If the name is followed by an opening parenthesis, the arguments will be collected before the macro is called. If too few arguments are supplied, the missing arguments are taken to be the empty string. However, some builtins are documented to behave differently for a missing optional argument than for an explicit empty string. If there are too many arguments, the excess arguments are ignored. Unquoted leading whitespace is stripped off all arguments, but whitespace generated by a macro expansion or occurring after a macro that expanded to an empty string remains intact. Whitespace includes space, tab, newline, carriage return, vertical tab, and formfeed.

 
define(`macro', `$1')
⇒
macro( unquoted leading space lost)
⇒unquoted leading space lost
macro(` quoted leading space kept')
⇒ quoted leading space kept
macro(
 divert `unquoted space kept after expansion')
⇒ unquoted space kept after expansion
macro(macro(`
')`whitespace from expansion kept')
⇒
⇒whitespace from expansion kept
macro(`unquoted trailing whitespace kept'
)
⇒unquoted trailing whitespace kept
⇒

Normally m4 will issue warnings if a builtin macro is called with an inappropriate number of arguments, but it can be suppressed with the `--quiet' command line option (or `--silent', or `-Q', see section Invoking m4). For user defined macros, there is no check of the number of arguments given.

 
$ m4
index(`abc')
error-->m4:stdin:1: Warning: too few arguments to builtin `index'
⇒0
index(`abc',)
⇒0
index(`abc', `b', `ignored')
error-->m4:stdin:3: Warning: excess arguments to builtin `index' ignored
⇒1
 
$ m4 -Q
index(`abc')
⇒0
index(`abc',)
⇒0
index(`abc', `b', `ignored')
⇒1

Macros are expanded normally during argument collection, and whatever commas, quotes and parentheses that might show up in the resulting expanded text will serve to define the arguments as well. Thus, if foo expands to `, b, c', the macro call

 
bar(a foo, d)

is a macro call with four arguments, which are `a ', `b', `c' and `d'. To understand why the first argument contains whitespace, remember that unquoted leading whitespace is never part of an argument, but trailing whitespace always is.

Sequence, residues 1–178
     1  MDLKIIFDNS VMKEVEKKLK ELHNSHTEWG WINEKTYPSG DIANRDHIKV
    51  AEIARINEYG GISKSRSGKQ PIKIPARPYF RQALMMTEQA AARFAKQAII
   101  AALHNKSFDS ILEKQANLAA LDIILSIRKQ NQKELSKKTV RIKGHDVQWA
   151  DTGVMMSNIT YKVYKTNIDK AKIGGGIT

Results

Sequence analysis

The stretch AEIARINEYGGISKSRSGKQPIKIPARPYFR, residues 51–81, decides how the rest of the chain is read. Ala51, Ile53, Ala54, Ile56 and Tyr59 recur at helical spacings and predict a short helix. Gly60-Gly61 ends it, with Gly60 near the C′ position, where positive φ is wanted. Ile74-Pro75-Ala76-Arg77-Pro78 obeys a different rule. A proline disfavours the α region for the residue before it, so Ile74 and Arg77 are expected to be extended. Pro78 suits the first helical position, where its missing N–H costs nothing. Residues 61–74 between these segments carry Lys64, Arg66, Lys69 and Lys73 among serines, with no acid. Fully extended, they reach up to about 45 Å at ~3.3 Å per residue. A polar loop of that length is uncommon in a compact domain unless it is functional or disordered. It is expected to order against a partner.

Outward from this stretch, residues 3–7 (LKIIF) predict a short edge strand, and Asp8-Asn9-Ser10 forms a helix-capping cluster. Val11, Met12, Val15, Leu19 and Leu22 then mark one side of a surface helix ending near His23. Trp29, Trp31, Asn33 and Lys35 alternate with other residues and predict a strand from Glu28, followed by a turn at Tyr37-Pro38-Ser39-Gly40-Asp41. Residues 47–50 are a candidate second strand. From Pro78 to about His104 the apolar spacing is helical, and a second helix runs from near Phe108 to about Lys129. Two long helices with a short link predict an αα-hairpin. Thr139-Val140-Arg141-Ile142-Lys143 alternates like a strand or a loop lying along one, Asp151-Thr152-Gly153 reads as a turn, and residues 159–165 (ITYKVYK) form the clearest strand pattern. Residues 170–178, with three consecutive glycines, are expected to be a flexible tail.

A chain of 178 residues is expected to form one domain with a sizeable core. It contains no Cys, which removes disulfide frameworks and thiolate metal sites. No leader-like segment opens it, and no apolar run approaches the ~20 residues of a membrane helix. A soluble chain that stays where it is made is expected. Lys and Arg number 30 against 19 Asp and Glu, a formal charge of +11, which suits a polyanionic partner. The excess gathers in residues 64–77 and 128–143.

It is possible for a macro's definition to change during argument collection, in which case the expansion uses the definition that was in effect at the time the opening `(' was seen.

 
define(`f', `1')
⇒
f(define(`f', `2'))
⇒1
f
⇒2

It is an error if the end of file occurs while collecting arguments.

 
hello world
⇒hello world
define(
^D
error-->m4:stdin:2: ERROR: end of file in argument list

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4.4 On Quoting Arguments to macros

Each argument has unquoted leading whitespace removed. Within each argument, all unquoted parentheses must match. For example, if foo is a macro,

 
foo(() (`(') `(')

is a macro call, with one argument, whose value is `() (() ('. Commas separate arguments, except when they occur inside quotes, comments, or unquoted parentheses. See section Special arguments to macros, for examples.

It is common practice to quote all arguments to macros, unless you are sure you want the arguments expanded. Thus, in the above example with the parentheses, the `right' way to do it is like this:

 
foo(`() (() (')

It is, however, in certain cases necessary (because nested expansion must occur to create the arguments for the outer macro) or convenient (because it uses fewer characters) to leave out quotes for some arguments, and there is nothing wrong in doing it. It just makes life a bit harder, if you are not careful to follow a consistent quoting style. For consistency, this manual follows the rule of thumb that each layer of parentheses introduces another layer of single quoting, except when showing the consequences of quoting rules. This is done even when the quoted string cannot be a macro, such as with integers when you have not changed the syntax via changeword (see section Changing the lexical structure of words).

The quoting rule of thumb of one level of quoting per parentheses has a nice property: when a macro name appears inside parentheses, you can determine when it will be expanded. If it is not quoted, it will be expanded prior to the outer macro, so that its expansion becomes the argument. If it is single-quoted, it will be expanded after the outer macro. And if it is double-quoted, it will be used as literal text instead of a macro name.

 
define(`active', `ACT, IVE')
⇒
define(`show', `$1 $1')
⇒
show(active)
⇒ACT ACT
show(`active')
⇒ACT, IVE ACT, IVE
show(``active'')
⇒active active

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4.5 Macro expansion

When the arguments, if any, to a macro call have been collected, the macro is expanded, and the expansion text is pushed back onto the input (unquoted), and reread. The expansion text from one macro call might therefore result in more macros being called, if the calls are included, completely or partially, in the first macro calls' expansion.

Taking a very simple example, if foo expands to `bar', and bar expands to `Hello', the input

 
$ m4 -Dbar=Hello -Dfoo=bar
foo
⇒Hello

will expand first to `bar', and when this is reread and expanded, into `Hello'.